MAY 25, 2020 11:02 PM PDT

Potential Targets for Alcohol Induced Liver Disease

WRITTEN BY: Nouran Amin

Alcohol-related liver disease (ALD) is a fatal condition targeting more than 150 million people. Part of what makes it deadly is the unavailability of treatment besides a transplant. To address these challenges, researchers at Massachusetts General Hospital (MGH) have uncovered key molecular steps involved in ALD that may provide targets for drug therapy development.

Learn more about ALD:

The groundbreaking findings were published in Proceedings of the National Academy of Sciences (PNAS) and describes how researchers achieved their results by combining RNA sequence analysis of patient liver samples with transgenic mouse studies. Researchers were able to identify two promising potential molecular targets for developing ALD therapeutics-- cGAS and Cx32. The senior author is Suraj J. Patel, MD, PhD, a research fellow in the Department of Medicine.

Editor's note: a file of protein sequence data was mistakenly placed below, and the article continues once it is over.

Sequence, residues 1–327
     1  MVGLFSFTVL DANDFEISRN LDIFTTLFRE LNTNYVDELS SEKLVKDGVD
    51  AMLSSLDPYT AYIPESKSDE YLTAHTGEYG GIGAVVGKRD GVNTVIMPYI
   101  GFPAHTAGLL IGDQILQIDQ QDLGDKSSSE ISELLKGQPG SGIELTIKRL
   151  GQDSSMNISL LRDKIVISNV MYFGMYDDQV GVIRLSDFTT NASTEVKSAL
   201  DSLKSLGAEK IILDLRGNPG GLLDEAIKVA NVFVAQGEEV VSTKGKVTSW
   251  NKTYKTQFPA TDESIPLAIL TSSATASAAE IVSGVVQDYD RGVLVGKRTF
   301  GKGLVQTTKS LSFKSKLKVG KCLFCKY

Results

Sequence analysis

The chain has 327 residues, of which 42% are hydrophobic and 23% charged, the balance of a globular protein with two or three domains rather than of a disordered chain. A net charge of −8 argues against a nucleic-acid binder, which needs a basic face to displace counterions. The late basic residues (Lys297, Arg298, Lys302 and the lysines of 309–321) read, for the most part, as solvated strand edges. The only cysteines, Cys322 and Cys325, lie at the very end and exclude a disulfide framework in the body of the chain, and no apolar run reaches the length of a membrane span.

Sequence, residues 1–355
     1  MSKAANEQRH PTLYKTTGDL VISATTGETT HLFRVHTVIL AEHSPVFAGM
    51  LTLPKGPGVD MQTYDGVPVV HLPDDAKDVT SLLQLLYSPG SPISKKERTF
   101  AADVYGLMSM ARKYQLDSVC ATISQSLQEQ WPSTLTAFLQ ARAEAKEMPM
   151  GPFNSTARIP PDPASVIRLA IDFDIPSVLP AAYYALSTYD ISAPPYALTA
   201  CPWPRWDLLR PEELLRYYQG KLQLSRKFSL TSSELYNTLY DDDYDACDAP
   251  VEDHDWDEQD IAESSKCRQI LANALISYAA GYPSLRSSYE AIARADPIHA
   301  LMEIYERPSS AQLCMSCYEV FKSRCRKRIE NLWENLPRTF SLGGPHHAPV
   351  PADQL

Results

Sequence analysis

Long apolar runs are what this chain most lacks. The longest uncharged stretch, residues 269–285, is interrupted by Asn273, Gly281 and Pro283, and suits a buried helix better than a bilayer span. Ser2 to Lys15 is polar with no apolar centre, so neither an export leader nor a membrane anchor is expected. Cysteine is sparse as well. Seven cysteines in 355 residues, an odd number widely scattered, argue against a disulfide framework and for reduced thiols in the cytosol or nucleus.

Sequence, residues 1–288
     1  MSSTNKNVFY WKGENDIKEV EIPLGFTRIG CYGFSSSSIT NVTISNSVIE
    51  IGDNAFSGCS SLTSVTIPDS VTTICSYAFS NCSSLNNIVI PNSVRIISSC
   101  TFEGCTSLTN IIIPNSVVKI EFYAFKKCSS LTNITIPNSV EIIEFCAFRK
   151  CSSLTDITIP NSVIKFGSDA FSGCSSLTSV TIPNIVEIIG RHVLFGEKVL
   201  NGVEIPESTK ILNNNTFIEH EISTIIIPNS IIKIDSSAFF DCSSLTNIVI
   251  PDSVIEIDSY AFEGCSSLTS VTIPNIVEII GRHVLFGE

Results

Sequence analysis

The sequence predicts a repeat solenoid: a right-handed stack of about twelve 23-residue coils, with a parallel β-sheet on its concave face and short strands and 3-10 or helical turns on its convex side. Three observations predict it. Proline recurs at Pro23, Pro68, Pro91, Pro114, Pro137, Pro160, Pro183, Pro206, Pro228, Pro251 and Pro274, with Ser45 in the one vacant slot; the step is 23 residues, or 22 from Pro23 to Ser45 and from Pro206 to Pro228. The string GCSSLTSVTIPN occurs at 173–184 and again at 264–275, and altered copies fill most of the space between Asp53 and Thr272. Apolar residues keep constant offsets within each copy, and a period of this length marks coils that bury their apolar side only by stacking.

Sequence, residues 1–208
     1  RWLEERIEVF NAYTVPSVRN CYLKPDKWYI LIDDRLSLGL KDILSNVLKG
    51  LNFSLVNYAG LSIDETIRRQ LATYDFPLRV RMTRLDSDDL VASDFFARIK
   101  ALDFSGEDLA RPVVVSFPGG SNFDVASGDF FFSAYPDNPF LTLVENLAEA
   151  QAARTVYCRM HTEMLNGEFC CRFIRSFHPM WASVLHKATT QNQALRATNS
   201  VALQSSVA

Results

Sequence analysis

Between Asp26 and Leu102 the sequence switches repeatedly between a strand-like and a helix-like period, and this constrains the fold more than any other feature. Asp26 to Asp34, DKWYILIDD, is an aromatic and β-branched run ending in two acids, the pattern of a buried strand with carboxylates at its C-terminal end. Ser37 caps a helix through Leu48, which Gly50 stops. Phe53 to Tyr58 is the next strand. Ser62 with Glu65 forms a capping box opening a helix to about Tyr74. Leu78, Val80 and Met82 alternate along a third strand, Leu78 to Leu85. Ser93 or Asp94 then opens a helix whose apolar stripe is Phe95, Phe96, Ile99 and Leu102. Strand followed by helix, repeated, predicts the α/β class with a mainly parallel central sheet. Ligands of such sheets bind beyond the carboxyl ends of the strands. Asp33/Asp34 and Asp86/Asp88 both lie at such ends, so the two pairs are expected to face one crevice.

"Now that we know the key players in this pathway, we finally have drug targets for treatment development," says the lead author on the study is Jay Luther, MD, gastroenterologist and Director of the Mass General Alcohol Liver Center. "Until now, we haven't had any successful leads. Meanwhile, the number of patients has grown."

Before the study, scientists already knew that liver cell (hepatocyte) death in ALD is supported IFN regulatory factor (IRF3) which fuels a strong secondary inflammatory response that affects nearby cells eventually leading to liver failure. However, the question they came up with was how does alcohol activate IRF3 and which pathways are amplified that deliver the disease spread throughout the liver.

"Until now, now we had only few clues about why alcohol-related liver disease progresses the way it does, but this research fills in key pieces of the puzzle," says Patel.

"It is very encouraging to see that we now have evidence-based targets for drug development for ALD," says Luther.

Source: Science Daily

About the Author
BS/MS
Nouran is a scientist, educator, and life-long learner with a passion for making science more communicable. When not busy in the lab isolating blood macrophages, she enjoys writing on various STEM topics.
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